I love chocolate-covered pretzels for their salty-sweet deliciousness. Rejection has similar contrasting qualities for me. At first it feels like salt in an open wound, then it almost always turns into something sweet later down the line. Don't get me wrong -- I don't love getting rejected, but I don't hate it either. In fact, part of me kind of likes it. If I get rejected, I know I tried. I put myself out there. I know I can stand tall and later say, "their loss!" (you know...the classic heartbreak recovery line).
"All great innovations are built on rejections.” −Louis Ferdinand Celine
A Few of My Favorite (hah - I only say that now) Rejections
The examples below are three of my most memorable rejections. Badges of honor. In one sense I am still baffled by them, but in another I know that they helped me get to know myself better and make other plans, proud that at least I put myself out there. (My friend Srinivas Rao wrote a post recently called "8 Failures that Have Led Me to Where I'm at Today" - a great read along similar lines)
- Colleges - My senior year of high school, after I won the California Journalist of the Year award (and made it as a national finalist), I got rejected from Northwestern's Medill School of Journalism. I also got rejected from every East Coast school I applied to. So much for my dream of being a journalist and/or moving across the country. I absolutely loved UCLA (it led to the start-up that led to this blog), but a part of me still feels incomplete never having lived outside of California.
- My book - it got turned down by 27 different publishers before I got an offer. They all had their reasons, but the most popular were: my topic was too generic and had no "hook," my platform wasn't big enough, my audience doesn't buy books, it won't sell past graduation season, and the "after college" market is too competitive. Each rejection stung a little bit, and the compound effect of hearing about rejection after rejection was discouraging, but not nearly as bad as I thought it would be. I kept the faith because I knew that it would just take one offer. And I couldn't be happier with the one that I got.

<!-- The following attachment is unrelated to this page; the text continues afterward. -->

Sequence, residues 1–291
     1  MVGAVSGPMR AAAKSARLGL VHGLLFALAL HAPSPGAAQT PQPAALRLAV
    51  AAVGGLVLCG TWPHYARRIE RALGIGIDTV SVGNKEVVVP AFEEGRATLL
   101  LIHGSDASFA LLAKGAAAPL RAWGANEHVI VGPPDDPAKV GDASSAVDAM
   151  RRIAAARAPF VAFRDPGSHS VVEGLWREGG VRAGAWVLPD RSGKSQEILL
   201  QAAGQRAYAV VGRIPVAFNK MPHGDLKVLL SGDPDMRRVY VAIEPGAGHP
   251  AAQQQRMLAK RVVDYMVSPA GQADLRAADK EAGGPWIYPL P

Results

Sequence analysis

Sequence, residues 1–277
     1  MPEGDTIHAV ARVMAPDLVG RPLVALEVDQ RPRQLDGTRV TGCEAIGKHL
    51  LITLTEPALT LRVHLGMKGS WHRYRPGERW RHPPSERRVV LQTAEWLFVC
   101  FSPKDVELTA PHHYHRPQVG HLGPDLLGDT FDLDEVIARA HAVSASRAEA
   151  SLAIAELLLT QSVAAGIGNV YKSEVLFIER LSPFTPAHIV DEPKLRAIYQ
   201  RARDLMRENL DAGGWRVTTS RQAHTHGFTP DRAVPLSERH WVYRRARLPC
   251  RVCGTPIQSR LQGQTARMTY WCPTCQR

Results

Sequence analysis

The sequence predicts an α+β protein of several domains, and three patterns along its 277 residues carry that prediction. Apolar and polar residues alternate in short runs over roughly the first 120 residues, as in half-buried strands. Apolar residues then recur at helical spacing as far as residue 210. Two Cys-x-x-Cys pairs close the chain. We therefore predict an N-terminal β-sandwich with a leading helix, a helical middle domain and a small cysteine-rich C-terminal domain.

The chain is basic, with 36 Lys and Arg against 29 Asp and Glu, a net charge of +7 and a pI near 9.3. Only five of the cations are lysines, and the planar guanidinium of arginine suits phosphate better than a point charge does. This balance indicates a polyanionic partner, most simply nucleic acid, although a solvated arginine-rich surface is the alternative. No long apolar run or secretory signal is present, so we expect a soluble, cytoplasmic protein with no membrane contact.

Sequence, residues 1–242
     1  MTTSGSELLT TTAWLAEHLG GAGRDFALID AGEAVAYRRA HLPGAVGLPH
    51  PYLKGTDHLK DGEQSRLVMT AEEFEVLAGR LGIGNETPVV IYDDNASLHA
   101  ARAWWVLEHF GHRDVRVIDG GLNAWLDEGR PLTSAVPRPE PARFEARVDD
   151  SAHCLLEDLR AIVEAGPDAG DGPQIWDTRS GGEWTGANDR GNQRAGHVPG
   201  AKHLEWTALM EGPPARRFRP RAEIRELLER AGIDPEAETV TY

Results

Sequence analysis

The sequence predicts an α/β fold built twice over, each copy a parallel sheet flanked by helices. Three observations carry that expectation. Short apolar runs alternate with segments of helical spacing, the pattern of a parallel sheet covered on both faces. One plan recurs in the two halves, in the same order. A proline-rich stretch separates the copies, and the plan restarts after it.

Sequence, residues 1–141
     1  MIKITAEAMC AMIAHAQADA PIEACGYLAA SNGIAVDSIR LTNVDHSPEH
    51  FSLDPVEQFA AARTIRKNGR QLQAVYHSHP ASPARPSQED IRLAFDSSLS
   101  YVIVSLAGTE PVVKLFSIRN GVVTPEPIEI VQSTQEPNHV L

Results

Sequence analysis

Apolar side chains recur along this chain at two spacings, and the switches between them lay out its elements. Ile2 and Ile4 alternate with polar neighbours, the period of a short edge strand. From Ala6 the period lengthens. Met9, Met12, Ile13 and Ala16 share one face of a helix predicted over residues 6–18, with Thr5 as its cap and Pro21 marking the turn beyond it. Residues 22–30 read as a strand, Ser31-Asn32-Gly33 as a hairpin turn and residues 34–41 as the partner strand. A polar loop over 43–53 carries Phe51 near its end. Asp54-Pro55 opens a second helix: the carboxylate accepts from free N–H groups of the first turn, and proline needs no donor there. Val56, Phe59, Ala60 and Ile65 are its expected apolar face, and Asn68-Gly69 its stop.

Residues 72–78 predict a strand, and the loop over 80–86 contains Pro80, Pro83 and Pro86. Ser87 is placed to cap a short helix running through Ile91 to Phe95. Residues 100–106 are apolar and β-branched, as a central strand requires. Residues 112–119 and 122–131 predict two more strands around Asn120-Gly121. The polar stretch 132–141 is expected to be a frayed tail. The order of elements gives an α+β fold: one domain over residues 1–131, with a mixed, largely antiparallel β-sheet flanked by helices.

My dad has a dating theory that men should get rejected once per day - it means they are doing their due diligence of putting themselves out there. Just like the saying "do something each day that scares you," maybe we should all risk rejection in some way at least once per day.
Stings So Sweet: The Bite and the Aftermath
In the first few moments (or more), rejection stings. It sucks. My stomach drops. I feel overcome by disappointment. Sometimes I feel embarrassed, or I question my abilities and my worth. I wonder if I was crazy to think whatever I was going for had a chance of success. I wonder if I should have even tried in the first place. A mini-dream is deflated.
But then things turn around. I start to chalk it up to eliminating one more bad fit. I might even smile a little bit. I am one step closer to finding the right path, the one I am meant to be on. I get another "I tried" badge, and I have more stories to tell. Maybe the rejecting party knows something I don't about why it wouldn't have worked out. Or maybe they screwed up and couldn't recognize a good thing when they had the chance. "How could this happen?" turns into "YOU want to reject ME?" which leads to "I'll show you..." -- and it gives me even more motivation to succeed.
The Bottom Line:
How boring would life be if we got everything we wanted all of the time? Look how well that worked out for Veruca Salt.
So lift a glass (or a cupcake) and let's celebrate. To any rejections you've racked up - past or present - CHEERS!
P.S. Congrats to Hayley who won the Suze Orman Road to Wealth book giveaway!